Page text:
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Breastfeeding is negatively affected by prenatal depression and reduces postpartum depression

Published online by Cambridge University Press:  03 July 2013

B. Figueiredo*
Affiliation:
School of Psychology, University of Minho, Campus de Gualtar, Braga, Portugal
C. Canário
Affiliation:
School of Psychology, University of Minho, Campus de Gualtar, Braga, Portugal
T. Field
Affiliation:
University of Miami Medical School, Miami, FL, USA
*
*Address for correspondence: B. Figueiredo, Ph.D., School of Psychology, University of Minho, Campus de Gualtar, Braga 4710-057, Portugal. (Email: bbfi@psi.uminho.pt)

Abstract

Background

This prospective cohort study explored the effects of prenatal and postpartum depression on breastfeeding and the effect of breastfeeding on postpartum depression.

Method

The Edinburgh Postpartum Depression Scale (EPDS) was administered to 145 women at the first, second and third trimester, and at the neonatal period and 3 months postpartum. Self-report exclusive breastfeeding since birth was collected at birth and at 3, 6 and 12 months postpartum. Data analyses were performed using repeated-measures ANOVAs and logistic and multiple linear regressions.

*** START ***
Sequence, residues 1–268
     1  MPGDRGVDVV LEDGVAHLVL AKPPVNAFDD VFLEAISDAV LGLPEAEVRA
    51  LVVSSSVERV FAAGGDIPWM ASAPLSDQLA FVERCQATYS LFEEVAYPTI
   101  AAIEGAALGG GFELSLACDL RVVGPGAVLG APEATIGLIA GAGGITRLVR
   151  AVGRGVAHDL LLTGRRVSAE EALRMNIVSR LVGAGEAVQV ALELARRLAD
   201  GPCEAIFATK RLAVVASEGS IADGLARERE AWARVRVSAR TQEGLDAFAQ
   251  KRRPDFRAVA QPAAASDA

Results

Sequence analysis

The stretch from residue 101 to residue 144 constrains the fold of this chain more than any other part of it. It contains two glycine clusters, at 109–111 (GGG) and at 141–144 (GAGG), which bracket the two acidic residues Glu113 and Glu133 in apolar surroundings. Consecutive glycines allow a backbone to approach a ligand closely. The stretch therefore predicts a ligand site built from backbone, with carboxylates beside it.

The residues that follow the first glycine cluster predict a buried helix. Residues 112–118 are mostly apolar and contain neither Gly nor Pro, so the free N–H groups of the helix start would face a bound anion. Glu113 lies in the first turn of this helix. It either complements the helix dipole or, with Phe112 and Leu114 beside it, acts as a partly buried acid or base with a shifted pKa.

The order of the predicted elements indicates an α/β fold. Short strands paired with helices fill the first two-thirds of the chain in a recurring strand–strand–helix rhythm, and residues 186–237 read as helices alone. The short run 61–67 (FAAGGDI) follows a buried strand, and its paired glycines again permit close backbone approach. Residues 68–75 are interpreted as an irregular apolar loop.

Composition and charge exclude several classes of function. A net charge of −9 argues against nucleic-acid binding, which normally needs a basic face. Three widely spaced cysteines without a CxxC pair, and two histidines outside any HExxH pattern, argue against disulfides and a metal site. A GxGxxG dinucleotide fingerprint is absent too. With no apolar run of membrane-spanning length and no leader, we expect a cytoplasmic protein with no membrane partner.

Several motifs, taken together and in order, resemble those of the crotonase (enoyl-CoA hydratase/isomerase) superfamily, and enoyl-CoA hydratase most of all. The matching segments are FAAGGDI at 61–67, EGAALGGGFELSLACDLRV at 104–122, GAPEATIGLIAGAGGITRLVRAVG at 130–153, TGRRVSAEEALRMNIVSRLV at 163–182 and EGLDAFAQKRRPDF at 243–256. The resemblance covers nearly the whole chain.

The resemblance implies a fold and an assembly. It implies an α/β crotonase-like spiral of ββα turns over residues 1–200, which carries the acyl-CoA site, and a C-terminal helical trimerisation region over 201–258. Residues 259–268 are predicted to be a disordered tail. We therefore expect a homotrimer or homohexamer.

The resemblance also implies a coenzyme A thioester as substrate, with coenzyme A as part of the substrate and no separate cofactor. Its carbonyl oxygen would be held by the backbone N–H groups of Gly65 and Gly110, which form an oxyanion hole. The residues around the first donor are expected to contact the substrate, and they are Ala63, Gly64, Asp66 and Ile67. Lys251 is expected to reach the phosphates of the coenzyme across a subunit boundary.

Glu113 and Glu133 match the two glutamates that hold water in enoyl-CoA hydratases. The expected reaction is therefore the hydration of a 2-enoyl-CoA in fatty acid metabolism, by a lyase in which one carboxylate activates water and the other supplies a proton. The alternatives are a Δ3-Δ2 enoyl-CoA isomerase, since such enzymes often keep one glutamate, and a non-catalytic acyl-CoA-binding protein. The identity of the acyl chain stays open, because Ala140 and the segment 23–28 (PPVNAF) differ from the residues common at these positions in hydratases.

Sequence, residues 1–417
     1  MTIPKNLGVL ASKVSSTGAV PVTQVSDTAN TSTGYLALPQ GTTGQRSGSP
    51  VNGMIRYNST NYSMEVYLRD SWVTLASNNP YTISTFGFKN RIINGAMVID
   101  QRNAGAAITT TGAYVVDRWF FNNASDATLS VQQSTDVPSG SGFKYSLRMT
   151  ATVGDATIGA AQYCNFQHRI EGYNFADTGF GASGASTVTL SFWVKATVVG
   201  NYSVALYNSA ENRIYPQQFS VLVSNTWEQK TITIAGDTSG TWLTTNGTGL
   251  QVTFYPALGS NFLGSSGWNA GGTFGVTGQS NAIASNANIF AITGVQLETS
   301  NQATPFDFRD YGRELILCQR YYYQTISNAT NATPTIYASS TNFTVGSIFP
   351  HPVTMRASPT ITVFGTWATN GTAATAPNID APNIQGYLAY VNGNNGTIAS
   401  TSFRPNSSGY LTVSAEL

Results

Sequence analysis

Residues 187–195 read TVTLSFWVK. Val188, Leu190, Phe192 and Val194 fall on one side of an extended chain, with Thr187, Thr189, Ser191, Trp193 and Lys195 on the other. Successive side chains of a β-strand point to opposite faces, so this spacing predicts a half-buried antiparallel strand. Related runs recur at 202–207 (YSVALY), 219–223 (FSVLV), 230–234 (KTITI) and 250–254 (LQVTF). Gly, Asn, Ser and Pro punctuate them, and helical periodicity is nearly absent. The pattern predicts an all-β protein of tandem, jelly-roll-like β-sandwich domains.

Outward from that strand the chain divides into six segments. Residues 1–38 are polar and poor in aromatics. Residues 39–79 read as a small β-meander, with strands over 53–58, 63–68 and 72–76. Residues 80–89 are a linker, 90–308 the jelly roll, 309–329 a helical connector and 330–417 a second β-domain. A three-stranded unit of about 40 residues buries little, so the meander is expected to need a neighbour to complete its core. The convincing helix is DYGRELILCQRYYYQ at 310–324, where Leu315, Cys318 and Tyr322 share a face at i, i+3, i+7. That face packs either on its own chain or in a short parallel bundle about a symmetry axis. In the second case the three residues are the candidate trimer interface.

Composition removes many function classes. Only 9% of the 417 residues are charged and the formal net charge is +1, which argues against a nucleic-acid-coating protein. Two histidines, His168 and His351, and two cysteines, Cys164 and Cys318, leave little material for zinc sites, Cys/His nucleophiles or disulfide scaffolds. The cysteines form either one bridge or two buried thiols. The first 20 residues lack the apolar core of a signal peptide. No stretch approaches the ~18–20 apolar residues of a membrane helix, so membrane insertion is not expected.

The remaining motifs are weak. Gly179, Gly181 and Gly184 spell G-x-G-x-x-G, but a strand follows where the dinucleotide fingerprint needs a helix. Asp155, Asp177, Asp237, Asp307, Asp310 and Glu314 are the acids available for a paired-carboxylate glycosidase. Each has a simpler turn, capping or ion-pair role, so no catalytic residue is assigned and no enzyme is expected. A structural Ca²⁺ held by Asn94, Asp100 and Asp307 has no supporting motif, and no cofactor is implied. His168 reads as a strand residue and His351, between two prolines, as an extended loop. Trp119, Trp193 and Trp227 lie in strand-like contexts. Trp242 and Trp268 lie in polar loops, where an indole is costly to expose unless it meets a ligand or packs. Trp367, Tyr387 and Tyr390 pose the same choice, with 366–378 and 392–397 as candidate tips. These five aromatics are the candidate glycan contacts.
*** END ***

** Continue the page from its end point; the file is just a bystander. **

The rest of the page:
Results

Depression scores at the third trimester, but not at 3 months postpartum, were the best predictors of exclusive breastfeeding duration (β = −0.30, t = −2.08, p < 0.05). A significant decrease in depression scores was seen from childbirth to 3 months postpartum in women who maintained exclusive breastfeeding for ⩾3 months (F1,65 = 3.73, p < 0.10, ηp2 = 0.05).

Conclusions

These findings suggest that screening for depression symptoms during pregnancy can help to identify women at risk for early cessation of exclusive breastfeeding, and that exclusive breastfeeding may help to reduce symptoms of depression from childbirth to 3 months postpartum.

Type
Original Articles
Copyright
Copyright © Cambridge University Press 2013 

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